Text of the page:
NHTSA believes that V2V capability will not develop absent regulation, because there would not be any immediate safety benefits for consumers who are early adopters of V2V
The point is that given the current situation, there won't be any standard because there is no motivation for car manufacturers to develop such a system since there would initially be so few cars that could communicate with each other in the first place. Even if you got past that barrier, it would require the independent cooperation of competing car companies to implement in order to build a feasible system. Worse yet, if you did manage to get companies to voluntarily cooperate, their cooperation could easily turn to collusion as they could lock out smaller car manufacturers from participating in the creation of the standard or they could develop a closed standard altogether.
No, this is the precise situation that government should be getting involved in. The current situation has little to no financial incentive to motivate the private sector to implement, so making it mandatory and letting them participate heavily in the creation of the standard is the next best option.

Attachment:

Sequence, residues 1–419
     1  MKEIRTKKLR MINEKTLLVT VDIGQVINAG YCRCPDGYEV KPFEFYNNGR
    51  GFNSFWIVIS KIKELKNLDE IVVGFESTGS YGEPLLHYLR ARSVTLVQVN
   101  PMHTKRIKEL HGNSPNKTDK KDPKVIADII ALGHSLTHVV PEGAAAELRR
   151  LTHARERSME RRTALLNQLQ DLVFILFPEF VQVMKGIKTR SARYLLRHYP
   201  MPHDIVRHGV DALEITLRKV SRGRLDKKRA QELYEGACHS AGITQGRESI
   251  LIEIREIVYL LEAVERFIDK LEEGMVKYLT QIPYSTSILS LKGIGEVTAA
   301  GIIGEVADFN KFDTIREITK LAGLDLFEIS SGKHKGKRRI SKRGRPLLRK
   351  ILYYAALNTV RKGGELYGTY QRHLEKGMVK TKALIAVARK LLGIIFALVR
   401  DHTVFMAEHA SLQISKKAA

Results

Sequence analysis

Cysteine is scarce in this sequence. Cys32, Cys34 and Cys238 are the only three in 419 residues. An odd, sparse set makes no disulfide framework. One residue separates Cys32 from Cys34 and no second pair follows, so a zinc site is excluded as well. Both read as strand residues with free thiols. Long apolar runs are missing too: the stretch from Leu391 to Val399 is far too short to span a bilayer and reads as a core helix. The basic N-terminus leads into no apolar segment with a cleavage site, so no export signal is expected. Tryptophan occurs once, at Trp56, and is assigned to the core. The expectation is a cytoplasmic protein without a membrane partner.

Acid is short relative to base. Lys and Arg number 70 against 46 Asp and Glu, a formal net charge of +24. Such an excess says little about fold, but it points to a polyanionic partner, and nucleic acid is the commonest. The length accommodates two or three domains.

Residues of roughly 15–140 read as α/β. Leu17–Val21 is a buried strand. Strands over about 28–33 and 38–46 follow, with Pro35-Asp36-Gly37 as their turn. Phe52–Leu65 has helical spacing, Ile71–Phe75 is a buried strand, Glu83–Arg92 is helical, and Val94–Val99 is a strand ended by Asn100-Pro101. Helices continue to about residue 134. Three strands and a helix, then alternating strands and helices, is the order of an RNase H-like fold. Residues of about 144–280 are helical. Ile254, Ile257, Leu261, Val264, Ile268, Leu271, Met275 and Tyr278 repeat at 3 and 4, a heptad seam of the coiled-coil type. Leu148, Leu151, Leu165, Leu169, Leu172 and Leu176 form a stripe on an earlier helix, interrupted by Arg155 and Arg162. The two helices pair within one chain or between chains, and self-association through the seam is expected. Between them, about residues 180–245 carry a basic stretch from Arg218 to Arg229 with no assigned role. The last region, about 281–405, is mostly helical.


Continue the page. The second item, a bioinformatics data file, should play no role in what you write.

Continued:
Well yes and no, patent protects innovation because you have a monopoly on your idea.
While I agree with most of what you have said, I have to make a pedantic statement about a common mistake that you have made that infuriates me - you can not patent an idea! You may patent an implementation of an idea, otherwise known as an invention, but you are not supposed to be able to patent the underlying idea.
You're never forced to patent your idea tho (see Coca-Cola, never patented, receipt never given).
This is true, although you've used a bad example since recipes are not eligible to be patented. But otherwise, you are correct - unpatented ideas can be protected as trade secrets.